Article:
This c, 1900 townhouse in Washington, DC has a wonderful connection to the public street, but unlike many period rowhouses of its ilk, it does not have the typical rowhouse garden giving onto a rear alley. Rather, this house abuts the rear alley with a non-code-conforming, two-story masonry structure containing a structurally deteriorated storage area with an unsound roof deck above.
With many zoning and code constraints guiding possible options, the goals were to: re-build the masonry structure in-kind; create a tiny urban garden that extends the interior living room to the out-of-doors; introduce passive solar strategies to admit and control daylight; and create a private urban alley-side roof garden.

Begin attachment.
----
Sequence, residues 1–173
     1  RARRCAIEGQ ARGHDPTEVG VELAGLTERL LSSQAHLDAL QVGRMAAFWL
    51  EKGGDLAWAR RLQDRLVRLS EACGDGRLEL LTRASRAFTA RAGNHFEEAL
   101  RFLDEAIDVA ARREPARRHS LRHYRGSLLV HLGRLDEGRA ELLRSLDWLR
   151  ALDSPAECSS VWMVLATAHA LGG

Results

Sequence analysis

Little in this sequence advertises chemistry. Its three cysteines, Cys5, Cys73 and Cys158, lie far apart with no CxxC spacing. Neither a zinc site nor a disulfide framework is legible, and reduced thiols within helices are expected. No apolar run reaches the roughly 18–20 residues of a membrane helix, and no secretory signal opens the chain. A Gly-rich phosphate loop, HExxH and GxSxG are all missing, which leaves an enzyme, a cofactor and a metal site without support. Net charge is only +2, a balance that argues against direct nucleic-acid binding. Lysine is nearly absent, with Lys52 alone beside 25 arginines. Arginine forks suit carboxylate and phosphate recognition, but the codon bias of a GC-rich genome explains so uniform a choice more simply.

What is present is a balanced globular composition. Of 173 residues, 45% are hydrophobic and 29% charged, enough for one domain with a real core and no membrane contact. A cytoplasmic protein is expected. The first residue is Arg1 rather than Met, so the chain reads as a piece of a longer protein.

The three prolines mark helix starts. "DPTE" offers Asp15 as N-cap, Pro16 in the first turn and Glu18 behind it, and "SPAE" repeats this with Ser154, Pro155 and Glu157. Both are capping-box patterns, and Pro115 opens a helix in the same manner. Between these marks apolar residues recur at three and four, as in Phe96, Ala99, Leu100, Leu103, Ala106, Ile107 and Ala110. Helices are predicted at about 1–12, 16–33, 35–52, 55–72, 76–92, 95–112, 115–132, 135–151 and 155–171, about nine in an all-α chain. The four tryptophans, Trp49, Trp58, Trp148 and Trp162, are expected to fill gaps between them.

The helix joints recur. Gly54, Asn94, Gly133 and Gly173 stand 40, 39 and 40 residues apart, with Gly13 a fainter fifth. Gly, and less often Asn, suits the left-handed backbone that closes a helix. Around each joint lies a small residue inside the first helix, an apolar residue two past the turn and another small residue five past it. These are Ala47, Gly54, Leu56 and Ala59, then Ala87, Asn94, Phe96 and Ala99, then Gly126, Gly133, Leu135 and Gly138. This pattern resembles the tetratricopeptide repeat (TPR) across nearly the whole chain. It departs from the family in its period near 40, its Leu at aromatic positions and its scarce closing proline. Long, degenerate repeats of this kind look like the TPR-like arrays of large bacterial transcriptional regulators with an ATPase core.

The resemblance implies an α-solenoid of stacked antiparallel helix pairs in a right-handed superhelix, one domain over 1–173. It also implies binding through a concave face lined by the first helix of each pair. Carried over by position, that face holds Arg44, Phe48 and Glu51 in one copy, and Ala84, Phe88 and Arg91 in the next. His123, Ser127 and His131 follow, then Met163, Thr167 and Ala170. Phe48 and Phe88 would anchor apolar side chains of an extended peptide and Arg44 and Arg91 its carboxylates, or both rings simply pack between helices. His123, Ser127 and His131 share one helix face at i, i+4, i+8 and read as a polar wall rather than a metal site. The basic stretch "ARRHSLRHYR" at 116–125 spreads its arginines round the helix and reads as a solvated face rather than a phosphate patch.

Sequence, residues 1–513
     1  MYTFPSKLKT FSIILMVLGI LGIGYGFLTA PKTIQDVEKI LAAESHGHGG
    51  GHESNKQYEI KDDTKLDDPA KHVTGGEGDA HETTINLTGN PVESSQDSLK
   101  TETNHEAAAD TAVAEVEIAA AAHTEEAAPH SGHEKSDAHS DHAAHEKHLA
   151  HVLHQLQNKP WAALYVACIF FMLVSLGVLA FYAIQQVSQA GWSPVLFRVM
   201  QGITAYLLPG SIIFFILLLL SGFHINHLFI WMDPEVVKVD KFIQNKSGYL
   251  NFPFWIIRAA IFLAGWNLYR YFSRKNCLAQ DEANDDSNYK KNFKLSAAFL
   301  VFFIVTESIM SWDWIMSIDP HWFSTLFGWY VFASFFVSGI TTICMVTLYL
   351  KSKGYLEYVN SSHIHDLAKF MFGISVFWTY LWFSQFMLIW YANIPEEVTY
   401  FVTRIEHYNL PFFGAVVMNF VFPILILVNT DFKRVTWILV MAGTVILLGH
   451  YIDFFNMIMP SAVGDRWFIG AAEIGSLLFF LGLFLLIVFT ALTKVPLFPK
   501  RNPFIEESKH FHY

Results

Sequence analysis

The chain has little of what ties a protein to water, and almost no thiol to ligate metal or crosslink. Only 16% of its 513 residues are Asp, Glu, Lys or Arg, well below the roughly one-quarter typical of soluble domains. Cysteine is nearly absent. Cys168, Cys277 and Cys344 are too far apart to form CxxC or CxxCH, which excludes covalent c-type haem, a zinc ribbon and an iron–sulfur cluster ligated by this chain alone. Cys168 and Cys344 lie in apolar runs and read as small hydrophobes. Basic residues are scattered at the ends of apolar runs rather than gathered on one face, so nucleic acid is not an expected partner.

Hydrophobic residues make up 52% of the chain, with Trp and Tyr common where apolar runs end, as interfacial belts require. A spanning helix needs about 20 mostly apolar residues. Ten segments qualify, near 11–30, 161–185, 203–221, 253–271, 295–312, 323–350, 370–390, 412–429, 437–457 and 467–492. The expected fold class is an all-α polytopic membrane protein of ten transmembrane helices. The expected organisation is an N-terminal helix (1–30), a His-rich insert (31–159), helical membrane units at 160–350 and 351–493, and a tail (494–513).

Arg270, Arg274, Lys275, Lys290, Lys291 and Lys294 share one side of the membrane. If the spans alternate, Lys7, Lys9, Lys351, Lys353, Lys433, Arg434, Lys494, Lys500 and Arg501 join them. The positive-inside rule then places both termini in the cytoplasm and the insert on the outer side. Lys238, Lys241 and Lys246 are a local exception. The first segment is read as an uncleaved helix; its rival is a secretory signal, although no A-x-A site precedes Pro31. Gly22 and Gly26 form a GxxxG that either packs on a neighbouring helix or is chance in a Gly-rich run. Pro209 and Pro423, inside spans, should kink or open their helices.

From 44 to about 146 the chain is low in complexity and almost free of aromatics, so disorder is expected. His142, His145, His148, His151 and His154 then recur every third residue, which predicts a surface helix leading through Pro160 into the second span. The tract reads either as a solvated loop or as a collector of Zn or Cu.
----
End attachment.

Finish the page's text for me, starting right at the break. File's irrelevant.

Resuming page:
A pergola, a trellis, a green screen, and a retractable canvas canopy make this west-facing urban terrace an oasis in the middle of a street of dense rowhouses.
The solution was to screen the roof terrace with a steel and mahogany trellis, a manufactured planting “wall”, and integral bench/planter. A retractable canvas sunshade protects the terrace from the western sun, thereby satisfying the need for a garden, shade and privacy.